Henry is a Lecturer in the Fluid Mechanics section in the department of Civil and Environmental Engineering at Imperial College London. He has an MEng in Mechanical Engineering with Process System from the University of Bristol (2001) and a PhD in Civil and Environmental Engineering from Imperial College London (2012). Henry worked, for 6 years, as a trader with Credit Suisse, ultimately as a vice president responsible for all mutual fund derivatives trading within the bank. Following his PhD, Henry has worked as a Post Doctoral Researcher at the University of Cambridge, initially in the Engineering Department and then in the Department of Applied Mathematics and Theoretical Physics.
Henry's research focuses on fluid mechanics for the built environment. This ranges from the fundamental understanding of turbulent flows with buoyancy and stratification (and the mixing thereof), includes the practical application of this understanding to the human-focused ventilation of buildings and encompasses the slow viscous flow of liquids in wood and timber. To this end Henry co-leads the Low-Energy Ventilation Network which received EPSRC funding from the UK Fluids Network as a Special Interest Group, collaborates widely with industrial and academic partners, and maintains active projects with the Natural Materials Innovation for Sustainable Living centre in Cambridge.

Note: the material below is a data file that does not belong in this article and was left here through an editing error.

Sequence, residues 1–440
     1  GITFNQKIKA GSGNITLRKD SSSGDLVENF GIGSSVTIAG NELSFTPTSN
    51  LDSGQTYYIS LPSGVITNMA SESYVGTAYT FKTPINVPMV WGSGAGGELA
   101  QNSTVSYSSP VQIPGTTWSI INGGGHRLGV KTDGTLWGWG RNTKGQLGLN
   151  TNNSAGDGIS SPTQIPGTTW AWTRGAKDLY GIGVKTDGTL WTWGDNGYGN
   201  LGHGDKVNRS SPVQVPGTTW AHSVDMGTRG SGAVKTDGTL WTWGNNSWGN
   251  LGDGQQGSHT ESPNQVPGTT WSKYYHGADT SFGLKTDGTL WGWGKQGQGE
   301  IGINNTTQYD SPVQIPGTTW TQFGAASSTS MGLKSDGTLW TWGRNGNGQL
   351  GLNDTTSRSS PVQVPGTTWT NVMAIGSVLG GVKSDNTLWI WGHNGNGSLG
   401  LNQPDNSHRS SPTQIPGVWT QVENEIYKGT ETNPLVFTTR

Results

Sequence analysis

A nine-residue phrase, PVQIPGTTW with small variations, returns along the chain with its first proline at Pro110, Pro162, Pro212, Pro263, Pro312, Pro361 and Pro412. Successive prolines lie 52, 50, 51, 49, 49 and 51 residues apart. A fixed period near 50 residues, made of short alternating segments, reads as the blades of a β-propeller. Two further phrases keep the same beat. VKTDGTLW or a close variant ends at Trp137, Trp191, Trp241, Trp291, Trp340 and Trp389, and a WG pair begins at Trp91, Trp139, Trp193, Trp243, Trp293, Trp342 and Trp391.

et al., 2021, Seasonal variation in airborne infection risk in schools due to changes in ventilation inferred from monitored carbon dioxide, Indoor Air: International Journal of Indoor Air Quality and Climate, ISSN:0905-6947
et al., 2021, Vertically distributed wall sources of buoyancy. Part 2. Unventilated and ventilated confined spaces, Journal of Fluid Mechanics, Vol:907, ISSN:0022-1120
et al., 2021, Vertically distributed wall sources of buoyancy. Part 1. Unconfined, Journal of Fluid Mechanics, Vol:907, ISSN:0022-1120
et al., 2021, Identifying Efficient Transport Pathways in Early-Wood Timber: Insights from 3D X-ray CT Imaging of Softwood in the Presence of Flow, Transport in Porous Media, ISSN:0169-3913
et al., 2020, Identifying efficient transport pathways in early-wood timber, Transport in Porous Media, ISSN:0169-3913